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Lion Air plane crash: What we know so far about flight JT610

JAKARTA: A search and rescue mission is under way for passengers of Lion Air flight JT610 after it crashed early on Monday (Oct 29).

The plane lost contact 13 minutes after takeoff from Jakarta at around 6.20am (7.20am Singapore time), a spokesman for Indonesia's search and rescue agency said.

It was due to have landed in Pangkal Pinang, on the island of Bangka, at 7.20am, the Flightradar24 website showed.

Indonesian rescue officials said that all 189 passengers and crew aboard the flight are likely to have been killed in the accident. Rescuers have begun retrieving human body parts as well as debris from the wreckage, with remains of a baby among those recovered.

Members of a rescue team line up body bags at a port in North Jakarta. (Photo: AFP/Resmi Malau)

In an update on Tuesday morning, Lion Air said human remains have been recovered in 24 body bags.

At least 10 bodies have been recovered and sent to the hospital for identification, said Muhammad Syaugi, head of BASARNAS, Indonesia's national search and rescue agency.

Fourteen bags filled with debris from the crashed Lion Air jet have been collected. (Photo: AFP/Adek Berry)

Additionally, 14 bags of aircraft debris and personal belongings of those on board the plane have also been retrieved.

Items such as handphones, handbags, identity cards and life vests were found in waters about 30 metres to 35 metres deep near where the plane lost contact with air traffic control.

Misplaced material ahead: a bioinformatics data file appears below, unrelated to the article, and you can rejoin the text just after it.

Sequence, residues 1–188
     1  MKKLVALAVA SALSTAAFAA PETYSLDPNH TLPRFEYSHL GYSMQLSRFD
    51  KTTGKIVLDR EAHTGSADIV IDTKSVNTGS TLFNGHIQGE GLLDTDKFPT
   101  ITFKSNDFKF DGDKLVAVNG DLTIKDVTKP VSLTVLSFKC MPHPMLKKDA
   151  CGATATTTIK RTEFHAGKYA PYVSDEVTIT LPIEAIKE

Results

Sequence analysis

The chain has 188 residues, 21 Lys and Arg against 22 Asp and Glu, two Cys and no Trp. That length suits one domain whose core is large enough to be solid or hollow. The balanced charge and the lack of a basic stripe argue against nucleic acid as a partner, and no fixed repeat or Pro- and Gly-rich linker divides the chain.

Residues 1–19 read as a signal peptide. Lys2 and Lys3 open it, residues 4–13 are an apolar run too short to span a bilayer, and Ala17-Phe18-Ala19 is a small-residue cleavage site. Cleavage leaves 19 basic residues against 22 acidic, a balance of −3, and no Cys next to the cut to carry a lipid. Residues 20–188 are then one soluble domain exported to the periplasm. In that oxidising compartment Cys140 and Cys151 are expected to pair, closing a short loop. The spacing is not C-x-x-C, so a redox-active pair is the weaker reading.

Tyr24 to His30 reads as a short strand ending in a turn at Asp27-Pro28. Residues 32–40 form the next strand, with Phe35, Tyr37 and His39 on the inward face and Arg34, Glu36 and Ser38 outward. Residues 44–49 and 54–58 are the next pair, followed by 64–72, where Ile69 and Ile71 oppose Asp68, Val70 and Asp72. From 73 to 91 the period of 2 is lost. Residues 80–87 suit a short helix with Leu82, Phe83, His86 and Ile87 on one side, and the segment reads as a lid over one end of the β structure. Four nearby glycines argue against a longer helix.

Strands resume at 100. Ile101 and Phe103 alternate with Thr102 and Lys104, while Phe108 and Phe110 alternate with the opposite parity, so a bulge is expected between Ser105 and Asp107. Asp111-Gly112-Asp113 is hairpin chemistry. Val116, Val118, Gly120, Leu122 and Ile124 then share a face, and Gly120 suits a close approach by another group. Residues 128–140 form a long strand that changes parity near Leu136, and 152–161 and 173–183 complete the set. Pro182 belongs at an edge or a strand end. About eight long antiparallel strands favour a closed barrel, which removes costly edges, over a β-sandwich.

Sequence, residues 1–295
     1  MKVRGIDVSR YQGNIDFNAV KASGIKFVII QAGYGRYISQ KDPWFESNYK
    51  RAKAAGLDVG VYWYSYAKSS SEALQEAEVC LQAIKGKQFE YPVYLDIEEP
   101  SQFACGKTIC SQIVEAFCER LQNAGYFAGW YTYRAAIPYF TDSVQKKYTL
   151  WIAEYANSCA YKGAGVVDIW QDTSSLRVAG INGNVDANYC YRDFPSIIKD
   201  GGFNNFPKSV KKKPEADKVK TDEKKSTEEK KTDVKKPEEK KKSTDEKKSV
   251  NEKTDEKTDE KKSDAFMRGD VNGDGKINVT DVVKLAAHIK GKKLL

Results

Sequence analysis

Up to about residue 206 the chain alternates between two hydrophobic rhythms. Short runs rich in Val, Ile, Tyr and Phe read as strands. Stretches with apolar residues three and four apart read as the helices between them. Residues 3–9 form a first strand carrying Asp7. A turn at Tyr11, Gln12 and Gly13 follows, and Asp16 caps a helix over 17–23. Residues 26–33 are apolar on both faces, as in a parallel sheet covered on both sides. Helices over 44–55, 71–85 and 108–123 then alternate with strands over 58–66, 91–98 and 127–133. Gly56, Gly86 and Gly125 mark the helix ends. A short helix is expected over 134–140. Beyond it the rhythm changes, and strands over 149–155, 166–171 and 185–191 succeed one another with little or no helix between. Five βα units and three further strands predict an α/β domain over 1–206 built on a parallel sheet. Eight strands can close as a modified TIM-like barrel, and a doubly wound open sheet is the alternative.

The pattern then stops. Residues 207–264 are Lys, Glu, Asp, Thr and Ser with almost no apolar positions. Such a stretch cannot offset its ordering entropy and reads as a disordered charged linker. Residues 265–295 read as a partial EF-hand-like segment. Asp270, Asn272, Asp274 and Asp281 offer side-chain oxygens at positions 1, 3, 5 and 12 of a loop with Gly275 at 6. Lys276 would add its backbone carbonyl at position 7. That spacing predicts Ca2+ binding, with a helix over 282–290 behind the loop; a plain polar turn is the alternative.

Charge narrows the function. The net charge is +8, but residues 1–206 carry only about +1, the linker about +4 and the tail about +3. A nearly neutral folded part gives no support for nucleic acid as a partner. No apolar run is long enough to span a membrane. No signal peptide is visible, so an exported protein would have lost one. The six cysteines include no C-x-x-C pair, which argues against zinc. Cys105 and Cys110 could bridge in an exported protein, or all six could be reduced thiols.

READ: Lion Air crash: 50 divers deployed for search mission, more bodies found

"We hope we can see the plane's main body - everything on the surface of the water has been collected," Syaugi said.

Both the cockpit voice recorder and the flight data recorder are still missing.

An underwater acoustic beacon has been deployed to locate the main body of the plane. 

In addition to 15 vessels scouring the sea surface, the search and rescue agency added that four sonar detectors were also deployed in areas where aircraft debris had been found a day earlier, off the shore of Karawang, West Java. 

The flight path of Lion Air JT610. (Image: Flightradar24)


There were 189 people were on board, including six crew members and two pilots. Two infants and a child were among the passengers.

The finance ministry said about 20 of its employees were on the plane.

Also on board was Andrea Manfredi, an Italian former professional cyclist.

Indonesian officials named the captain of the flight as Bhavye Suneja, who according to local media reports, has been identified as an Indian national who has been with the airline for seven years.

According to Lion Air, Suneja and his co-pilot, Harvino, had 11,000 hours of flying between them and had recent medical checkups and drug testing.

READ: ‘Everyone was crying’: Lion Air crash victims' families grow frustrated as authorities scramble for information


READ: All 189 on board Lion Air jet that crashed in Indonesia feared dead


The plane was a Boeing 737-800 MAX, an updated and more fuel-efficient version of the manufacturer's workhorse single-aisle jet. The first Boeing 737 MAX jets were introduced into service in 2017.

Lion Air took delivery of the aircraft, which was made this year, on Aug 13 - with its first flight two days later.